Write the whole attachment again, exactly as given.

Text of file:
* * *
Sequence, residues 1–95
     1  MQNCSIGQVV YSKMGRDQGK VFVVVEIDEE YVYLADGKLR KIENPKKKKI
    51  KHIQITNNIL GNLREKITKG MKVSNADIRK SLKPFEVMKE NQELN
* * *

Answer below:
Sequence, residues 1–95
     1  MQNCSIGQVV YSKMGRDQGK VFVVVEIDEE YVYLADGKLR KIENPKKKKI
    51  KHIQITNNIL GNLREKITKG MKVSNADIRK SLKPFEVMKE NQELN